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Cleaning and Repairs
Exposure Meter

You may have tried to use your exposure meter on your Kiev 4a and found the situation to be pretty hopeless. Maybe you are one of the lucky ones that has a meter that is pretty good. If so then skip this, otherwise for the rest of you there is a rebuild solution at hand. Let's break it down for you... 

 

 

Remove this screw here but watch out!

 

There's a little ball that you don't want to loose. It may pop out on its own. It's a bugger to find when it is on the floor.

 

Don't loose this stupid little spring either. Also hard to find when it bounces away on the floor.

 

We're going to peel the layers back like an onion. I can assure you there will be no tears. Pull the inner most ring off and keep going until I say stop

 

Some washers...

 

Note the position of the riveted stops on this next part. You could put it back in rotated 180 and things just won't be right.

 

Wavy washer under this one.

 

Lift the Exposure Compensator dial to reveal part of the business, the Carbon Resistor element.

 

Flip over the Exposure Compensator dial you'll see the wiper that contacts the Carbon Resistor Element.

 

Chances are the wiper on the Exposure Compensator has worn a groove down to the substrate over the years. This is one key area where things can go wrong as the wiper is not making good contact with resistance material any more. What one can do is bend the wiper so that it contacts a fresh part of the Carbon Resistance Element. To go further you'll need to remove the top casting.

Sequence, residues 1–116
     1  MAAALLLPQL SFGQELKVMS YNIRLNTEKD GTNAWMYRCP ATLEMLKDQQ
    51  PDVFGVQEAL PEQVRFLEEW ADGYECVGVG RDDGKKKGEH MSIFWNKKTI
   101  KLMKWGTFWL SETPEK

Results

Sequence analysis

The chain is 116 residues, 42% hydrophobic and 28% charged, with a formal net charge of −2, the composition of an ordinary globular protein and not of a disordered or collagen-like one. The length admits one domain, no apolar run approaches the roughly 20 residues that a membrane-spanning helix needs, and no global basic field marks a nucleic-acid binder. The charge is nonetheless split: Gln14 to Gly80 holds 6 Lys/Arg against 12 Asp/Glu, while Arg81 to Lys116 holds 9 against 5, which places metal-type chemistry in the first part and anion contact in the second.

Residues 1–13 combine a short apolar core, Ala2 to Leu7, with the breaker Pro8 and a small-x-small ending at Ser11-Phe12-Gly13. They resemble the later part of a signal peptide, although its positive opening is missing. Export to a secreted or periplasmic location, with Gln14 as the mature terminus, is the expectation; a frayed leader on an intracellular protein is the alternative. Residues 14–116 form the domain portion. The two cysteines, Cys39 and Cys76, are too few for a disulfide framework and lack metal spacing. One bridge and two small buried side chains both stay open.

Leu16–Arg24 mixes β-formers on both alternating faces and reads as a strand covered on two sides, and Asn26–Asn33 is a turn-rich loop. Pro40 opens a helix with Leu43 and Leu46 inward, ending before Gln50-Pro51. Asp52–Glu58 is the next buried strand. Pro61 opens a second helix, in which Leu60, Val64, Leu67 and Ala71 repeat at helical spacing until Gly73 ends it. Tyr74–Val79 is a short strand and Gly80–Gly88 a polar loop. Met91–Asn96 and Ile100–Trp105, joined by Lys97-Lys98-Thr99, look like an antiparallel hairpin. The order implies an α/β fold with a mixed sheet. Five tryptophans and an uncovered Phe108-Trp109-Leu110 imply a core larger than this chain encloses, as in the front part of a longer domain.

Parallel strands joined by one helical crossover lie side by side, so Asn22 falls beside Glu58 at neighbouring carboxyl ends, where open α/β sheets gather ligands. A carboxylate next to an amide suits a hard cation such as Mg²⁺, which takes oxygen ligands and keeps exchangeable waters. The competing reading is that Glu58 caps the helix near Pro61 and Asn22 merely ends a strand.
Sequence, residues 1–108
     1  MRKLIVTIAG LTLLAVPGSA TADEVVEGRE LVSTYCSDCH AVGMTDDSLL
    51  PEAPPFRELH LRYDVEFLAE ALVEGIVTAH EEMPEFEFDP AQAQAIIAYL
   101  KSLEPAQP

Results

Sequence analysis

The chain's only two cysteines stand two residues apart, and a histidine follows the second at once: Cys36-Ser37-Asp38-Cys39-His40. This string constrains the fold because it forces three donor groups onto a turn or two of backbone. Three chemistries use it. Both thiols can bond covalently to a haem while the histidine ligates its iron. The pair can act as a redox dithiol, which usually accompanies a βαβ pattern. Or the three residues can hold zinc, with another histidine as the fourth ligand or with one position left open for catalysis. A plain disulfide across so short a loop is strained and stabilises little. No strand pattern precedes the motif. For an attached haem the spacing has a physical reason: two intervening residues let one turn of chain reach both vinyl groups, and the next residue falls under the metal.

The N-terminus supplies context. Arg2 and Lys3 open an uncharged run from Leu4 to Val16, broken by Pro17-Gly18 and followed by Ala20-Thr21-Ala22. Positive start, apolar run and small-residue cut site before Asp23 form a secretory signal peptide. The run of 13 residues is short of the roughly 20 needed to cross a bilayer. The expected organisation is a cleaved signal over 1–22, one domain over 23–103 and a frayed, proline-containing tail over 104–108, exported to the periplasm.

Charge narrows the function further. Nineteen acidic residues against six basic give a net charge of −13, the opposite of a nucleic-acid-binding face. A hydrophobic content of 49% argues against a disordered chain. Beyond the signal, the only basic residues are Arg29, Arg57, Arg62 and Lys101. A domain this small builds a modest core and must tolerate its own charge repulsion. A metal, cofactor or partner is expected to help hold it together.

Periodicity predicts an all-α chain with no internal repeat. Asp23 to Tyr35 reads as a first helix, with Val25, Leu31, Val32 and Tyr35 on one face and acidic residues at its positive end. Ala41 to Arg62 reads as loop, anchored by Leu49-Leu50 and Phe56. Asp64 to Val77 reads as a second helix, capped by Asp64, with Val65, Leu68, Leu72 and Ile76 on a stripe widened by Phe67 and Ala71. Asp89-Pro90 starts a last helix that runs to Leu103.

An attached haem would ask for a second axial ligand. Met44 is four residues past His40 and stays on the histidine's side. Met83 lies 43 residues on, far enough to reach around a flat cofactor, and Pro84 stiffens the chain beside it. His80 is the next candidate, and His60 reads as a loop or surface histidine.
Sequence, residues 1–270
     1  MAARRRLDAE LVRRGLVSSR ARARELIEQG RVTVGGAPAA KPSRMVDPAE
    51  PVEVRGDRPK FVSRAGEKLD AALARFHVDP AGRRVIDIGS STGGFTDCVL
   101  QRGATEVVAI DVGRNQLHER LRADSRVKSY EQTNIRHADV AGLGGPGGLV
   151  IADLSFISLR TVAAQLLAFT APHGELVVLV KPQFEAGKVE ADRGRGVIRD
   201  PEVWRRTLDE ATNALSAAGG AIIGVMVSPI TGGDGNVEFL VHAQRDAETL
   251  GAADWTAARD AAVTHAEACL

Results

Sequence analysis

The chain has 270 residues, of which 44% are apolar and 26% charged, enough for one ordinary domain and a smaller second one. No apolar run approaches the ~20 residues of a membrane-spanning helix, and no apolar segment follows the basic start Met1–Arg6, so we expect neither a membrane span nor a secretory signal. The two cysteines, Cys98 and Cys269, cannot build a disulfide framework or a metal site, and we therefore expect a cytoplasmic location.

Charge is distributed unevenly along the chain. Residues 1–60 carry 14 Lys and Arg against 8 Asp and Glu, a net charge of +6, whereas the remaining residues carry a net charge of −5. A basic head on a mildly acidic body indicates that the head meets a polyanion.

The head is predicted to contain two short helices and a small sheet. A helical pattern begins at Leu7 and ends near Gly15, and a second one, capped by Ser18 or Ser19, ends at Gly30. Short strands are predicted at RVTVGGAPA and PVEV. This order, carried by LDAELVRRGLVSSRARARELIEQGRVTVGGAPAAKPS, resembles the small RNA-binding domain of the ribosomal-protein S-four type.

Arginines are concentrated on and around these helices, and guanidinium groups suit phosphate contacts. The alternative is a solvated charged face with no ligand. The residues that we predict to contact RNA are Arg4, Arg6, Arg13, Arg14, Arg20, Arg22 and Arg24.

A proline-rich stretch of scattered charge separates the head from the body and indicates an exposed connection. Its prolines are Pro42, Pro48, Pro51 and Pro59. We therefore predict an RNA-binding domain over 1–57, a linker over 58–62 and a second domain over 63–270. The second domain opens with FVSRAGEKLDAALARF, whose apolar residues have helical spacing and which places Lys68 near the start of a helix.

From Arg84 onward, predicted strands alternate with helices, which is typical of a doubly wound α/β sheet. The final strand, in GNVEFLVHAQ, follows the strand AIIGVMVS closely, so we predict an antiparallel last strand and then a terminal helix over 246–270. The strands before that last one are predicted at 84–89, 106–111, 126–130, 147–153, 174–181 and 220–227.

If you want to remove the Carbon Resistance Element then flip over the top casting to remove these three screws.

 

Remove the base part that the exposure assembly mounts to.

 

Undo the screw that connects the wires and the Carbon Resistance Element if free to exchange with another one or for what ever purposes. You'll see that this one is pretty worn out.

 

There are some potential solutions to rebuild this carbon resistor but first some observations. I've taken some resistance measurements from a Carbon Resistance Element that was not too worn. At each f-stop setting a resistance measurement was made with the resultant plotted curves for two example shutter speeds. You'll see that the curve for 1/500 shutter speed when compared to an Exponential Curve, things match pretty good until after f2 then at f1.5 it departs from the exponential curve and this maybe due to error or the trend doesn't behave at these values. The trend in the most usable f-stop range indicates that the Carbon Resistance Element is not linear but exponential. Interesting...

 

Here's the readings for the actual Carbon Resistance Element that was removed in the above images for 4 different shutter speeds. It looks pretty messed up if you ask me.

 

After changing the Carbon Resistance Element with a better one and bending the Exposure Compensator Wiper so that it contacts a fresh area of carbon I get the following curves for 1/50 to 1/500 shutter speeds. Looks much better, possibly usable but still not perfect.